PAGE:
Brazilian Porcupine: Beautiful and Threatened
The porcupine is one of the most peculiar animals in the rodent family, characterized by a body covered in spines. However, it’s not related to hedgehogs or spiny anteaters. Porcupines can be found in Europe, Africa, India and America. Some live on the ground in meadows, deserts and forests, and others are arboreal and spend their lives on vines and branches. Today we’ll be focusing in on the Brazilian porcupine.
A body covered by spines
The most typical thing of the porcupine is its spines. A single specimen can have more than 30,000 spines covering its body, and each one of them can reach more than 30 centimeters (12 inches) in length.
The spines are modified hairs inserted into the animal’s musculature. Depending on the genus, these are embedded in clusters or interspersed with hair.
The different species of porcupines can be distinguished by their spines. These are kept horizontally while the animal doesn’t feel threatened. When the porcupine feels in danger, its thousands of spines bristle as a dissuasive message for the threat.
The spines can be released upon contact, or shed off when the porcupine shakes his body, but aren’t fired at potential attackers.
A spine can easily end up piercing the skin of another attacking animal or of a human, but it’s not so easy to remove. Each one of the spines has, on its tip, microscopic barbs oriented backwards, which reduce the penetration force, but maximize the time inserted in the skin.
The Brazilian porcupine is a great climber
Arboreal species inhabit the American continent, and are great climbers spending most of their time in trees.
Coendou genus enshrines porcupines that inhabit the Amazon area. Coendou prehensilis is the arboreal or Brazilian porcupine. Its name refers to its prehensile tail, which facilitates climbing.
It’s a nocturnal and solitary animal, only interacting with others of its kind during breeding season or in intra-specific struggles. In fact, these animals emit olfactory signals to warn potential competitors of their presence, and the noise of their colliding spines is also used as an intimidating signal.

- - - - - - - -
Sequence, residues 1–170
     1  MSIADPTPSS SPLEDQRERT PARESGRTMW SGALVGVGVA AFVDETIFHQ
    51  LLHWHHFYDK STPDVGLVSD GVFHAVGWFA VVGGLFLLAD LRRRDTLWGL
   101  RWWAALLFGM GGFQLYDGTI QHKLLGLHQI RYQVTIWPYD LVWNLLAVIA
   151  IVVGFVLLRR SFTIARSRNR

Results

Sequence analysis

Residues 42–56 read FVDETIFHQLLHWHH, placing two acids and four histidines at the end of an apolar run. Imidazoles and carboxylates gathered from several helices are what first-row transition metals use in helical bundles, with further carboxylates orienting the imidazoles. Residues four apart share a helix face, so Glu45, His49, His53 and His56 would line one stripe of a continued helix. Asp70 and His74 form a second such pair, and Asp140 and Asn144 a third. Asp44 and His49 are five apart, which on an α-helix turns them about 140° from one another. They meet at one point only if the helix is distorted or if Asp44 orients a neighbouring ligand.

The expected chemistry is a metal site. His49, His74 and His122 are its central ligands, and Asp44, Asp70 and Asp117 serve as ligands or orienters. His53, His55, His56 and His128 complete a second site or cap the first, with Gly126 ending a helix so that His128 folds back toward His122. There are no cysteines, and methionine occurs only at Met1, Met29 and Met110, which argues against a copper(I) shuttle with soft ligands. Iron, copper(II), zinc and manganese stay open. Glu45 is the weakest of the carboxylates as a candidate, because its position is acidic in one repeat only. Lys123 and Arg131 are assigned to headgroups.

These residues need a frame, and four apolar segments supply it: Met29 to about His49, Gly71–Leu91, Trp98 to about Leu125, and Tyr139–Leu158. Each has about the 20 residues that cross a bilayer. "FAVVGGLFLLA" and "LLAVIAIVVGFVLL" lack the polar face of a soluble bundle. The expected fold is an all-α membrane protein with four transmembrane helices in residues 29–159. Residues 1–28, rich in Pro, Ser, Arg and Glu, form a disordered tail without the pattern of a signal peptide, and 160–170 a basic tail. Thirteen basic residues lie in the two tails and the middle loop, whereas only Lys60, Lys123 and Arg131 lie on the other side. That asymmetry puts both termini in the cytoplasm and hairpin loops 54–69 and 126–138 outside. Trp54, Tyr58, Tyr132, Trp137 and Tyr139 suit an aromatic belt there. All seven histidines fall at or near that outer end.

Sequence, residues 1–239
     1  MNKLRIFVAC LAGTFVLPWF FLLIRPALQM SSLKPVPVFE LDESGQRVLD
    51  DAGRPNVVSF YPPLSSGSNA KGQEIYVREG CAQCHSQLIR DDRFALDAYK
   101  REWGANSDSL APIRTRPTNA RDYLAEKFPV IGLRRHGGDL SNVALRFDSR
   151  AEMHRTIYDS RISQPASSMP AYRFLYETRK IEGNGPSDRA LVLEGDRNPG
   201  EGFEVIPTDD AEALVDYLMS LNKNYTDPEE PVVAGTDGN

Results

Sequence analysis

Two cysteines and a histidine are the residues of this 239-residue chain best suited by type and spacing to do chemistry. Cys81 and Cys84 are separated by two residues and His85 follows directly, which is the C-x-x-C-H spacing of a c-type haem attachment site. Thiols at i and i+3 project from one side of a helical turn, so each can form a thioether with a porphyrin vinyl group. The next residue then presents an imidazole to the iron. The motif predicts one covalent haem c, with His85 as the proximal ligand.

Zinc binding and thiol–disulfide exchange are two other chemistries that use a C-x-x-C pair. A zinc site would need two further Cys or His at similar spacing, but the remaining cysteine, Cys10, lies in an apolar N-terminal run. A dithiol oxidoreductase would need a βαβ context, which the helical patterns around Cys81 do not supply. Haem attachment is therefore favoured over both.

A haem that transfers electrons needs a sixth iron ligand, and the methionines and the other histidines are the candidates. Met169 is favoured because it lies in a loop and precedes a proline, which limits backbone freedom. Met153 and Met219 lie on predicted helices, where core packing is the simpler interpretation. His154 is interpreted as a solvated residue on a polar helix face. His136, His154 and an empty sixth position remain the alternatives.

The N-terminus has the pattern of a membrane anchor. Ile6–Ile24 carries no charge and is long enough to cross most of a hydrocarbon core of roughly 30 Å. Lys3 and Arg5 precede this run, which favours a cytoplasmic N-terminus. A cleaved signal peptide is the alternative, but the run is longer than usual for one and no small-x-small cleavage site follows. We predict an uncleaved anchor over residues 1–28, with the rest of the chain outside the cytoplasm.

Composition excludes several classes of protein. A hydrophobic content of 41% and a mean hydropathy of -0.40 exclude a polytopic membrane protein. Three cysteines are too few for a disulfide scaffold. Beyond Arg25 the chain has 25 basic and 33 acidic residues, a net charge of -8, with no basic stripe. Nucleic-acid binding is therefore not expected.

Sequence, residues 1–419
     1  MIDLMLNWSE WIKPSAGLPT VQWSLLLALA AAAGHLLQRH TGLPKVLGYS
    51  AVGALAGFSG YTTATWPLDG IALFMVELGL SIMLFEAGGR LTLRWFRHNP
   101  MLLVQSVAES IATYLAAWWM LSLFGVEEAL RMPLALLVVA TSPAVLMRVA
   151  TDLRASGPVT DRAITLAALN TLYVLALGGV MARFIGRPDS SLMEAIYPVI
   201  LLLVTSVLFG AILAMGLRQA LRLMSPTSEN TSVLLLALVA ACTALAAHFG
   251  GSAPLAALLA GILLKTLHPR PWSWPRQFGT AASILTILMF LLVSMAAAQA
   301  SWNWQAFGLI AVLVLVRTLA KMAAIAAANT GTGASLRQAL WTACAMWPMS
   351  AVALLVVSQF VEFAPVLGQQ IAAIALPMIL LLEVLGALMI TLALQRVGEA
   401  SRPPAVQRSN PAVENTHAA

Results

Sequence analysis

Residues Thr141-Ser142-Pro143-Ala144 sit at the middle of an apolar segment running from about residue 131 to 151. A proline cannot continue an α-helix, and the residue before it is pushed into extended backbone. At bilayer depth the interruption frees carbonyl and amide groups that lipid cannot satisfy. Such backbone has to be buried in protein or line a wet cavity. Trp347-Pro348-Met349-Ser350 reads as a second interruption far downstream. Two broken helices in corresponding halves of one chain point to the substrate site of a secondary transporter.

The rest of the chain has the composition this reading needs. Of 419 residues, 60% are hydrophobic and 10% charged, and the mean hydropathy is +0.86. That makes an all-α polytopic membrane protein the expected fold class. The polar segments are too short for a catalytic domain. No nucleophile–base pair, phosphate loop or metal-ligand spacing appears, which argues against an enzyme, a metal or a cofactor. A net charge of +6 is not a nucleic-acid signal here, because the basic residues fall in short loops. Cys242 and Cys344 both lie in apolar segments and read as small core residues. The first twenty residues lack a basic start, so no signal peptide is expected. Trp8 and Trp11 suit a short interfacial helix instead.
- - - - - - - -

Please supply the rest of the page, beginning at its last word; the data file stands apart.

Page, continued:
During the day, they rest at about six meters (20 feet) high in the trees. During the night, they become more active and seek food. Their diet is mainly herbivorous based on tender leaves, stems, fruit, flowers, roots and bark.
How do we differentiate it from other porcupines?
The Brazilian porcupine is a medium-sized species, about 55 centimeters (21 inches) long. It’s fully coated with long, tricolor spines with a white base and tip, and brown middle. The spines are larger on the top of its back, and decrease in size towards the tail.
Its head is round with a prominent pink nose and lips. Its ears are small and hidden between the spines on the head. The tail has no spines, is prehensile and almost the same length as the rest of the body.
Antibiotic spines to cure “self-pricks”
The Brazilian porcupine isn’t the only climbing species of the American continent. Out of the 16 arboreal species, 15 have a prehensile tail. The one species that lacks such a tail, has developed a very unique mechanism to avoid hurting itself in its own spines when falling from trees.
The spines of the American porcupine contain a topical antibiotic, so even if they hurt themselves, it doesn’t cause a reaction. The attack of one of these animals can be quite painful. Its effectiveness is so great that Africa’s great felines think twice before targeting a porcupine as prey.
The spines are not venomous, but can cause infection and can puncture delicate areas such as the face, nostrils or gums. They can also pierce vital areas such as the heart, or large vessels such as arteries.
Lions don’t usually incorporate these animals into their diet, unless resources are scarce during times of drought. Even so, this can result in serious injury for the feline.
The porcupine threatened in America
The destruction of the Brazilian porcupine’s habitat is the main cause of its decline, as the species is currently under threat. Deforestation of its habitat fragments the populations in the Amazon basin, which causes the inbreeding of many species of the genus.